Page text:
Hammon adds that the Ohio State University Airport is one of about 30 airports owned by universities around the country, but only one of three that is owned by a Tier One research institution. Therefore, he states that the airport’s first priority is “to support and fulfill the University’s ‘learning, discovery, and engagement mission’ – supporting academics, supporting research, and supporting outreach to the community. We do that in a number of different ways. We operate the university’s Flight Education program, while several of the airport staff participate in classes. We estimate that there are about 350 students who utilize the airport each semester as a classroom. We also employ a number of university students so they get that real-world interaction. And we host research projects – we don’t do the research, but we have the facility where faculty can come out and do it. About 65 faculty members utilize the airport each semester. And regarding outreach to the community, we have estimated we connect with about 3,000 kids a year, through various programs.”
“We’re also an airport,” Hammon reiterates, “and that’s what some people tend to forget. We often hear that ‘Ah, you’re just a flight school.’ No, we are the corporate airport in Central Ohio. We have 14 different corporate flight departments that are based out here, up to and including a Fortune 10 company. About 200 GA aircraft are based here – everything from a small Christen Eagle up to a Gulfstream 4.
The Ohio State University Airport is also one of four in Franklin County, and Hammon explains that each airport has carved out its own niche: “The John Glenn Columbus International Airport is the air carrier facility for the region. They have some corporate over there, but their role, in this region, is to serve the airlines. We have Rickenbacker, which was the old Air National Guard and Air Force base, which is more of a cargo facility, now. They have Bolton Field, as their primary reliever, which they own. Then there’s us. One benefit we have, right off the bat, is location, location, location. We are in the corner of town that is seeing most of the corporate expansion, so we already have that natural customer base.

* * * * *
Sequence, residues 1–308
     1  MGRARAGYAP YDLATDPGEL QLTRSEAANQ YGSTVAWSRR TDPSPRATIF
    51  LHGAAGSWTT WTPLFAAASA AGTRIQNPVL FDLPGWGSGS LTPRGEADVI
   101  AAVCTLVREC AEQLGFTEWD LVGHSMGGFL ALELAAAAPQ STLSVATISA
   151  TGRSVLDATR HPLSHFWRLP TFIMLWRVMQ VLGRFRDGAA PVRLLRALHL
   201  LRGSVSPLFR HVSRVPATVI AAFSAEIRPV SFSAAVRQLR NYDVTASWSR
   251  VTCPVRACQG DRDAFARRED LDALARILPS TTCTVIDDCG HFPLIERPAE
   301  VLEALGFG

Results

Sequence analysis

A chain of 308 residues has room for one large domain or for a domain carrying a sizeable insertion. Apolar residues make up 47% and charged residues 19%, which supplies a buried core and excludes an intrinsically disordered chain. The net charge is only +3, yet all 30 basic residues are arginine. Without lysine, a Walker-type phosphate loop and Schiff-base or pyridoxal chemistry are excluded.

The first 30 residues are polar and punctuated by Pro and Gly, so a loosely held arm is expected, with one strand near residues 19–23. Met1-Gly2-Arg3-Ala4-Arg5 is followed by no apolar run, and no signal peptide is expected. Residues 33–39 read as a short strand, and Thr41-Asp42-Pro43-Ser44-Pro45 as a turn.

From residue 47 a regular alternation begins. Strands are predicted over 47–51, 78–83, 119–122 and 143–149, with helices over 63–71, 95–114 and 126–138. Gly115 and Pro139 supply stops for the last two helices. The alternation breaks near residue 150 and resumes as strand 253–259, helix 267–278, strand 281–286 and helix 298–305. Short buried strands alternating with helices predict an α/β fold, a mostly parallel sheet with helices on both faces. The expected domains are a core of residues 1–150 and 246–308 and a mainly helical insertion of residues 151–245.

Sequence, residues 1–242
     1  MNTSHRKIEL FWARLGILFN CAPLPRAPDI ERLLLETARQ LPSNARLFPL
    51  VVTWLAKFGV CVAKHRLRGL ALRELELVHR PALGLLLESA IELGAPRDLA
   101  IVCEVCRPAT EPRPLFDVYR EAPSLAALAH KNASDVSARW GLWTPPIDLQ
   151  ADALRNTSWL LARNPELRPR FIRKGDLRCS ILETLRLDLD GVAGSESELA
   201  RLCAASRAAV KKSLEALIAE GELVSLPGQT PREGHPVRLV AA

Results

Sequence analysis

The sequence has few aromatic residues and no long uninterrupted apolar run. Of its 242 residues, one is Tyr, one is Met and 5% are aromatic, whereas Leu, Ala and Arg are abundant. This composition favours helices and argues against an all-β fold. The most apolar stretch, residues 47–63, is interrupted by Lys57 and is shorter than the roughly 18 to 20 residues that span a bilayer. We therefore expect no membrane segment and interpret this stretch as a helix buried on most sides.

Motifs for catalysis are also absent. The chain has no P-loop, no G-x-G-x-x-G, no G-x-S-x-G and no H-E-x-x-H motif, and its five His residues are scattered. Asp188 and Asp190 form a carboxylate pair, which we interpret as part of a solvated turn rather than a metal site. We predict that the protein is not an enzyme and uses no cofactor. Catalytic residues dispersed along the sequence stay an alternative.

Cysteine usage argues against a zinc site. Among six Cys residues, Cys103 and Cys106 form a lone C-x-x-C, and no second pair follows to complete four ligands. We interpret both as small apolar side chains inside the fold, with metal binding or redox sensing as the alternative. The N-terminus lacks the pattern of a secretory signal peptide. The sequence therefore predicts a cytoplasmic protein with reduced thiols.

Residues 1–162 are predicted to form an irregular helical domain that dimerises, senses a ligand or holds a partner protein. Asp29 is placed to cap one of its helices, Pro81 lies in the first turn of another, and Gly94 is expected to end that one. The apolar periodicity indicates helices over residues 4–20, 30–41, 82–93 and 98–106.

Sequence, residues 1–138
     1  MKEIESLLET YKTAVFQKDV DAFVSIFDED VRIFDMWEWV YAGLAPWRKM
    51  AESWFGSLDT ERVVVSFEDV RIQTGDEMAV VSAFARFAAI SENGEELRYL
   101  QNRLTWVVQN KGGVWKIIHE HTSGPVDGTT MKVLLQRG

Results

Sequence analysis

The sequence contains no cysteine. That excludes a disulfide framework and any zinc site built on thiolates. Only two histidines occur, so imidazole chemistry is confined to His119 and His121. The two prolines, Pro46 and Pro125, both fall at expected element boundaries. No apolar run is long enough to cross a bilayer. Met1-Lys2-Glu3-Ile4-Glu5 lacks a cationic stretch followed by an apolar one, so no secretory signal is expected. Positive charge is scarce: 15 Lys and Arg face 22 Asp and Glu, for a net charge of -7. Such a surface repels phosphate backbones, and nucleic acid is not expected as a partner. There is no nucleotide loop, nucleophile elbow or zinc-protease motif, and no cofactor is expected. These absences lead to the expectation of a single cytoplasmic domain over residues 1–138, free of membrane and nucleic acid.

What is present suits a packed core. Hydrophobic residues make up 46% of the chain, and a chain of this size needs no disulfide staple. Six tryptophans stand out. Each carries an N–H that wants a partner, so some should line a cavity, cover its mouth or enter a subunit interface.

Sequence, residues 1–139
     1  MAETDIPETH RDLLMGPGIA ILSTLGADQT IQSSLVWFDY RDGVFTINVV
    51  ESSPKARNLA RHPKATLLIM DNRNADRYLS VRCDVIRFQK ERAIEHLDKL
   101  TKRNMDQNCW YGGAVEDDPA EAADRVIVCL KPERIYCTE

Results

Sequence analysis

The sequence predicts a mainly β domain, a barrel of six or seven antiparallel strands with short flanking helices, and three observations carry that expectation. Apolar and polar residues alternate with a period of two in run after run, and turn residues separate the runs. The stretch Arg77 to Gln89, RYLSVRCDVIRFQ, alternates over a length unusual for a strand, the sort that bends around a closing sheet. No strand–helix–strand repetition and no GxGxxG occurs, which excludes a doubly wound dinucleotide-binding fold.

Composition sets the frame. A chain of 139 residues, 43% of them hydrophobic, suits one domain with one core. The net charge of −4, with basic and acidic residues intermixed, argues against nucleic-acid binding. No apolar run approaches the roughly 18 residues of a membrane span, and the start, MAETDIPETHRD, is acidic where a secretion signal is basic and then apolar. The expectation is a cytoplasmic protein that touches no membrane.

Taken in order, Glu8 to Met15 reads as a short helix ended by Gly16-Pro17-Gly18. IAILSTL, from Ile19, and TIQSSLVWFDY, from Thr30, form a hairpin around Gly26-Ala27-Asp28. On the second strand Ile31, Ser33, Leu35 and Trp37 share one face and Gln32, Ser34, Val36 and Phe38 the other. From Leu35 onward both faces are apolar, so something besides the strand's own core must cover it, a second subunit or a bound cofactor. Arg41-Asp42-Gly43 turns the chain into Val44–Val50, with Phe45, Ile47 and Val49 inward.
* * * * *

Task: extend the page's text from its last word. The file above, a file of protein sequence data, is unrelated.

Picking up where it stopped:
“So, we kind of all know what our niche is and what our area of influence is. The one thing we can say we have over many of the GA airports in central Ohio is the full-service FBO, open from six in the morning to almost midnight. We also have the fueling and chemical de-icing of aircraft, which up until a few years ago, when we started, no other airport except the big air carrier facility had done. And because we’re a certified airport under Part 139, we have 24/7 snow removal in the winter; we have the runway de-icing capabilities; we have wildlife management; and we have air crash rescue here on the field. So, not only are we available in all weather, but we also have those safety aspects that a lot of companies’ safety management systems and their insurance requirements are looking for.”
As the general aviation and corporate flight communities in the Columbus area continue to grow, Hammon reports that the Ohio State University Airport is currently focused on enhancements. It just completed the erection of 54 T-hangars, but it still has a waiting list of about 70 small plane owners, as well as more corporations that are also hoping to move in. “When we opened those up and people heard ‘hangars,’ within one month, we got a call from 20 companies that wanted to move their corporate flight departments here,” says Hammon, “which is why we’re looking at a corporate airpark.”
The airport has a 50-acre plot that it is hoping to utilize as the new corporate airpark, and the university is currently considering how it wants to deal with the building of new hangars. “We’re looking at a couple of different models,” Hammon says. “One is, the university builds everything – but it doesn’t have that kind of capital set aside to be able to do that. The other is to build the infrastructure and let individual companies comes in and build their own facilities. The third model is just to lease out the entire 50 acres and have a company that is in the hangar development and ownership business come in to build, own, and manage them with a ground lease from us. We’re in the process of building one hangar within the university, but we know that’s not sustainable to complete the rest of the area. We’re hoping that the university will make the determination, in the next six months or so, what the model will be, moving forward. Our preference is either to do the infrastructure and let others lease individual plots from us, or lease out the entire area to somebody and let them take on all the capital costs, and risks, and everything else.”